Fungi as host for secretion of homologous and heterologous proteins

Many proteins, particularly enzymes, need to be produced at large scale for the food and chemical industries and also for specific medical applications [25]-[27]. Several filamentous fungi, particularly members of the genus Aspergillus[28],[29] and to a lower extent some species of Trichoderma and Penicillium (e.g. Penicillium roqueforti) are known to produce very large amounts of homologous proteins (up to 20 g/liter). This is the case of glucoamylase and α-amylase in Aspergillus niger[30]. Other related Aspergillus species include Aspergillus awamori[31],[32] and Aspergillus oryzae[33]. For some applications in the food industry Penicillium roqueforti, Penicillium nalgiovense or Penicillium chrysogenum[34] may be also useful. All these fungi have been utilized extensively in food processiong and are considered to be GRAS (generally recognized as safe) organisms.

In addition to their high protein secretion capability filamentous fungi have other advantages as hosts for large scale production of enzymes, namely: i) fungi grow rapidly in a variety of culture media, ii) they produce correctly folded proteins, and iii) in fungi post-translational modifications of enzymes are similar to those that occur in animal cells. Also similar are the problems related to protein traffic through the vesicle-mediated system.

However, when animal or plant proteins (e.g. thaumatin) [21] or heterologous microbial proteins are expressed in the above mentioned fungal host strains, yields of the heterologous proteins are much lower than those of homologous proteins (amylases, proteases or lipases) in the same strains and are usually in the range of 10 to a few hundred mg of protein per liter of culture. The reason for this low yield is frequently the limitation of the mechanisms of protein folding and posttranslational protein modifications that are required for the protein to be transported by the organelle/vesicle-medianted transport in the secretory pathway. These limitations are bypassed (at least partially) by the action of the CPPs (see below).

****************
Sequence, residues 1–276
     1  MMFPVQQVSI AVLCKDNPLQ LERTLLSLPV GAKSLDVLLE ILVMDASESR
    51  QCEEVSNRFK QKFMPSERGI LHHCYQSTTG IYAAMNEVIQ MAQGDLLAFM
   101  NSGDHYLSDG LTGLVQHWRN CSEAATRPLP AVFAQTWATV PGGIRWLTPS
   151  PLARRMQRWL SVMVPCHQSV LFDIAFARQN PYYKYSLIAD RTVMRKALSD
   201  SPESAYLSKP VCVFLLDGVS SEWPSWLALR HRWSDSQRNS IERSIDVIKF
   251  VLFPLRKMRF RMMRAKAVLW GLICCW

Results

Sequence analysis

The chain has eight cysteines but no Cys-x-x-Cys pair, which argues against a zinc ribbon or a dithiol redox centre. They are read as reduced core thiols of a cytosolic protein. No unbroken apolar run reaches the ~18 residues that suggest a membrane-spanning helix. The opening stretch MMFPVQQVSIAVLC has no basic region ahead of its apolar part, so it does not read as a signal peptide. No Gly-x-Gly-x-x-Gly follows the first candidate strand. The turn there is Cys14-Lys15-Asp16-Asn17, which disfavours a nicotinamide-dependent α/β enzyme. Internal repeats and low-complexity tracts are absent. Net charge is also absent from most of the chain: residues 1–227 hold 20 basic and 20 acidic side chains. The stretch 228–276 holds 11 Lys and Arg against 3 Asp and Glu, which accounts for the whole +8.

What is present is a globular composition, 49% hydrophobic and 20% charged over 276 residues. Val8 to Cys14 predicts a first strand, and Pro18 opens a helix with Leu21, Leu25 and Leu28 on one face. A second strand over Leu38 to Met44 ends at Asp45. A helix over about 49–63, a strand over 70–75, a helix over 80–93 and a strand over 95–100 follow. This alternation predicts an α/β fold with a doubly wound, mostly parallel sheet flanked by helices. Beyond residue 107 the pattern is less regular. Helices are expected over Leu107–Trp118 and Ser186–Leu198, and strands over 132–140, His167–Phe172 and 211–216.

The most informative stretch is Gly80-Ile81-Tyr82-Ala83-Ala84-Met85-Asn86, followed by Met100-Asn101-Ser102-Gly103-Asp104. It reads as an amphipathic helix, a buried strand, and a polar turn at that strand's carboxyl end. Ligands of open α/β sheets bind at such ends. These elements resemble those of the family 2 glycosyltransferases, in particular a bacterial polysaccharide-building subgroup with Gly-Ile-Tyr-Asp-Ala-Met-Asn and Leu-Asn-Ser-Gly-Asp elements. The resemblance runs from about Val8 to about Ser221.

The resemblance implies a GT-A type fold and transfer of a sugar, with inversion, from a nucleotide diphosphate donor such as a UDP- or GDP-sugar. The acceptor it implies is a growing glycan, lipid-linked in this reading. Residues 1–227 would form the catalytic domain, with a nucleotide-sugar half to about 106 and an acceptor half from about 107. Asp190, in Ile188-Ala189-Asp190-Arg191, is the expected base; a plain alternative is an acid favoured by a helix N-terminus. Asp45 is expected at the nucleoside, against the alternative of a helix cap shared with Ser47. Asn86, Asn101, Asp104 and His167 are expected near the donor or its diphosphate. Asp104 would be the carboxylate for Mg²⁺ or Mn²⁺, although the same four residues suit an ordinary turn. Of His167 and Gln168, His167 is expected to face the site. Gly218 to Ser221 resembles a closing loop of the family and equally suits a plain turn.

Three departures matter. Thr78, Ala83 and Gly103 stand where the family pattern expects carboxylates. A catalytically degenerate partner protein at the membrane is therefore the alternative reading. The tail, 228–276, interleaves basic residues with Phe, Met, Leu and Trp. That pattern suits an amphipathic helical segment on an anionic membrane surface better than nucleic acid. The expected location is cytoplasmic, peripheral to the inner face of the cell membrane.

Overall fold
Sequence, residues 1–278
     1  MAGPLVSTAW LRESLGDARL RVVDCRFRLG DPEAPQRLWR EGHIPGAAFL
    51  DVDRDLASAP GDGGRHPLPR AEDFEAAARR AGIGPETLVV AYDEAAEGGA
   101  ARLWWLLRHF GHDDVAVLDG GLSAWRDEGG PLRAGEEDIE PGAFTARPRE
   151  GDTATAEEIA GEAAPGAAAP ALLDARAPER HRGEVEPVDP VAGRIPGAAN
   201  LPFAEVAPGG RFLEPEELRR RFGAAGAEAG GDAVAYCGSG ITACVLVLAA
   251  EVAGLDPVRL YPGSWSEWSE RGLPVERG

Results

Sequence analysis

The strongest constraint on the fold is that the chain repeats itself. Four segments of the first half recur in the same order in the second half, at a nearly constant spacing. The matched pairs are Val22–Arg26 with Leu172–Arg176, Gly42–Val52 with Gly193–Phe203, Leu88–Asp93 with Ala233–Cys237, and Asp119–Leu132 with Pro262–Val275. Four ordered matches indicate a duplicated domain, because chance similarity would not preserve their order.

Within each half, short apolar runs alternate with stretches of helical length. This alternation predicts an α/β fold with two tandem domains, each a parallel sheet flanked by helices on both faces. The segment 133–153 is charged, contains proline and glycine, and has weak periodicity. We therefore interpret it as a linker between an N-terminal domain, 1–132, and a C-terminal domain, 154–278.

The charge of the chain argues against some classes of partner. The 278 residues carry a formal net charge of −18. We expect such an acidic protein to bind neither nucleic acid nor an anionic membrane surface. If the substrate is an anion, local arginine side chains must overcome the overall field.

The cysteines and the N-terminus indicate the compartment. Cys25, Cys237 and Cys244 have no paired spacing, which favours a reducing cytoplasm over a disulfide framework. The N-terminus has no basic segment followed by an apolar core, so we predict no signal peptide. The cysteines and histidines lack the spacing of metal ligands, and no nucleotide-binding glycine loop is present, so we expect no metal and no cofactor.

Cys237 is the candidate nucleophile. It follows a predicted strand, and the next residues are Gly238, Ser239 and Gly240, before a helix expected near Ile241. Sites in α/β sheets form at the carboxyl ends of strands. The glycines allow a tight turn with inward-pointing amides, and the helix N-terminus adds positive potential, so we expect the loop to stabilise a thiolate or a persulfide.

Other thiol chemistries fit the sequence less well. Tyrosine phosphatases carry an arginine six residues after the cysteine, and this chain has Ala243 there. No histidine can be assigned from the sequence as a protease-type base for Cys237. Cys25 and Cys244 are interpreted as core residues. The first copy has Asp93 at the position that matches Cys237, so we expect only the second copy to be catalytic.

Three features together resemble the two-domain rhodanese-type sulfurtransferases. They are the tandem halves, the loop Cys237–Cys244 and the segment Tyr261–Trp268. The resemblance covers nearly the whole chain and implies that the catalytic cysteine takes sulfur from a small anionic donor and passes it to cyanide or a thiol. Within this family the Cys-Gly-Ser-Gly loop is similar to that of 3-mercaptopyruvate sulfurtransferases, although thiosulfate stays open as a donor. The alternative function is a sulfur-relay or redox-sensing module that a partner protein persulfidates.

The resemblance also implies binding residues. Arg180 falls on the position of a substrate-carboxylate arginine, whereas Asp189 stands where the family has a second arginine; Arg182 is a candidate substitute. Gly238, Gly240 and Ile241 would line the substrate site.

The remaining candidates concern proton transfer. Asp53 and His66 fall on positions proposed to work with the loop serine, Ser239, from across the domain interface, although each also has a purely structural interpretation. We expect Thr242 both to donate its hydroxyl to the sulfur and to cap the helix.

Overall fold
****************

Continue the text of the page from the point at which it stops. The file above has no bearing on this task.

The limitations observed in expression of heterologous genes have been widely addressed by several research groups including the use of strong constitutive and inducible promoters [27],[30] and the construction of synthetic genes with optimal codon usage for Aspergillus[35]-[37] and is not further discussed.

CPPs produce a drastic increase in the secretion of chymosin and other proteins in Aspergillus

During studies on the production of the milk-clotting enzyme chymosin in Aspergillus, using a synthetic chy gene (encoding the bovine chymosin) with optimized codon usage [35], it was found that the production of chymosin was highly dependent on the addition of casein to a defined medium even though the medium contained asparragine as nitrogen source and glucose and glycerol as carbon sources. Later, the stimulation by casein was shown to be due to the phosphopeptides present in the casein that are released by the Aspergillus proteases [38]. Several plant derived proteins (peptones) do not exert the stimulatory effect on chymosin production, although a clear stimulation was exerted by other animal protein, the bovine seroalbumin. The bovine casein and seroalbumin appear to be richer in phosphoserine peptides than plant-derived peptones.